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Lambda Expression in Java

How to use Lambda Expression in Java

In this article, we are going to learn how to use Lambda Expression in java. We will look at how lambda expressions make our code so much easy to write and understand.
Basically, Lambda expression makes our code more focused on what to do not how to do, it helps us to remove unnecessary code from the program.

What is Lambda Expression Java

A Lambda Expression can be considered as a brief description of a method without a name. A method in java has a name, parameters/arguments, return type, and body, similarly, a lambda expression in java also consists of the arguments, body, and return type but without the name.
Let's have a first look at lambda expression in java:
// First look of Lambda expression in java
(Book book) -> {
 return book.getTitle().contains("Java");
};
Now, let's have a look at equivalent method representation in java:
boolean check(Book book) {
 return book.getTitle().contains("Java");
};
Don't think about the syntax of lambda expression now, we will discuss this later, but, as we can see in the case of lambda expression we just need to write what we need to. Also, we don't need to provide a name for the lambda expression as compared to the method definition.

Functional Interface

Before we are going to see how lambda expression works, first we should understand what is a Functional Interface. A Functional Interface is an interface that contains only one method declaration. For example:
interface BookConstraint{
  boolean check(Book book);
}
Runnable, Comparator all are the functional interfaces.
Java 8 introduced lambda expression which needs a functional interface or In other words, a lambda expression can only be written for a functional interface. Prior to Java 8, a functional interface can be instantiated using an anonymous class or by subclasses. Hence, we can say lambda expression is equivalent to anonymous Class or it is the replacement of anonymous classes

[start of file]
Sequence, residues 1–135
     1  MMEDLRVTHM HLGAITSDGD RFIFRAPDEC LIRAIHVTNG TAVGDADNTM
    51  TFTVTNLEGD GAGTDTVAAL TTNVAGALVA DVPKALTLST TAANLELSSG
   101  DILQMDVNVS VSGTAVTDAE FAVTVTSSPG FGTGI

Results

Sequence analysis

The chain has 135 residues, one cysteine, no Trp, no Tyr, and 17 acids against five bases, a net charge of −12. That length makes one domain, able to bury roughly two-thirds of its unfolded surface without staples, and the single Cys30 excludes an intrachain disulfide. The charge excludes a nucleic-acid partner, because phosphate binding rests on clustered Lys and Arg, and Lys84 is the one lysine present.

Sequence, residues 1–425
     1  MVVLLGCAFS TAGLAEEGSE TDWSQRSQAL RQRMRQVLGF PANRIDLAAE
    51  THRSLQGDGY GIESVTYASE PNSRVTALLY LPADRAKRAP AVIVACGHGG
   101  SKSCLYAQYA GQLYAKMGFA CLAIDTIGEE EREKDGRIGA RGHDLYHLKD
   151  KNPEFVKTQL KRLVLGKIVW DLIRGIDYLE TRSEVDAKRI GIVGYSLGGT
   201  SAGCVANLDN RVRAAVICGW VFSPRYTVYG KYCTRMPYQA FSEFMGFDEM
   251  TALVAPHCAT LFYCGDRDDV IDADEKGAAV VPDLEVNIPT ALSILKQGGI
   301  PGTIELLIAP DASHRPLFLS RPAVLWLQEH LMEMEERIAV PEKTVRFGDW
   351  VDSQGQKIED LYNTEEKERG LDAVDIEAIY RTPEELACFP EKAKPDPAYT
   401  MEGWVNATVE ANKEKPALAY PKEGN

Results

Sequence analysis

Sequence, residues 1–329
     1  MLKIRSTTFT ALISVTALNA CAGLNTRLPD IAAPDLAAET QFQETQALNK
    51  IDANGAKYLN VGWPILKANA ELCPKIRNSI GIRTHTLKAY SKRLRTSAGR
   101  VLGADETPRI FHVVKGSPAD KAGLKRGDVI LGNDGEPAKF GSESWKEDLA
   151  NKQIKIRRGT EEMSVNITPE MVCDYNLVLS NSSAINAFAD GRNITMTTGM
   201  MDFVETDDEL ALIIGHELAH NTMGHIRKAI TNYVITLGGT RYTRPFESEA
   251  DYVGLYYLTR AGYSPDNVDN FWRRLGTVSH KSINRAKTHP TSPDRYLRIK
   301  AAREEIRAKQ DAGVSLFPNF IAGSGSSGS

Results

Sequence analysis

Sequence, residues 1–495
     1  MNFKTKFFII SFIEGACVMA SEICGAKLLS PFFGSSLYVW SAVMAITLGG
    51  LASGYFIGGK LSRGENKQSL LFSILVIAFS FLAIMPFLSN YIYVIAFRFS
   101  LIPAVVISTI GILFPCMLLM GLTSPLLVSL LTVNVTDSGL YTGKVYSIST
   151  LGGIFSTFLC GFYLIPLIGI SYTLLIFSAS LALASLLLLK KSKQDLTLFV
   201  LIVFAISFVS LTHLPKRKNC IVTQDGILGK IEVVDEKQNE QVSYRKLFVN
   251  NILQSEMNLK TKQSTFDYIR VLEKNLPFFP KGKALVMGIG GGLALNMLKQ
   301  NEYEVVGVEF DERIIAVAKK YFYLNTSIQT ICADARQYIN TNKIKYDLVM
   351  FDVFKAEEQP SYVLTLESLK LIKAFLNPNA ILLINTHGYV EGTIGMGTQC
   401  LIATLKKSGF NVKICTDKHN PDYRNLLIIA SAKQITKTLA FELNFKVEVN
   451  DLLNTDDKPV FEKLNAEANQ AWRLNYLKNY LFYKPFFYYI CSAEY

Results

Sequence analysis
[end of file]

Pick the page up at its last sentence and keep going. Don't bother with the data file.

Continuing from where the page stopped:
BookConstraint constraintByLambdaExpression =  (Book book) -> {
 return book.getTitle().contains("Java");
};
A similar representation of lambda expression in terms of Anonymous Class. As we can see how much unnecessary code we need to write.
BookConstraint constraintByAnonymousClass = new BookConstraint() {
     @Override
     public boolean check(Book book) {
         return book.getTitle().contains("Java");
     }
 };
Above, we have seen a simple way to write lambda expressions. Now, let's look at to use it:
Book book = new Book("Learn Java");
boolean isJavaBook = constraintByLambdaExpression.check(book);
if(isJavaBook){
   System.out.println("This is a Java Book");
}

Syntax: Lambda Expression in Java

A lambda expression is consists of three parts: the arguments, an arrow sign (->) and the lambda body.
//Syntax of lambda expression in java
(arguments) -> { 
   lambda body i.e., One or more statements;
}
  • Arguments: They are the arguments of the lambda expression. It can be zero or more. The sequence and type of arguments must be matched with the one-and-only method declare in the Functional Interface.
  • Arrow(->): The arrow sign is used to separate the arguments from the lambda body.
  • Lambda Body: This is the body of the lambda. Basically, it becomes the method definition of the one and only functional interface's method.

Few Example of Lambda Expression Java

(String str) -> { 
   return str.toUpperCase();
}
(String str1, String str2) -> { 
   return str1.concat(str2);
}
(Book book) -> { 
   return book.getTitle().contains("Java");
}
() -> { 
   return new Book();
}
// Also, this lambda not returning anything i.e., it returns void
(Book book, String title) -> { 
   title = title.toUpperCase();
   book.setTitle(title);
}

Single Line: Lambda Expression in Java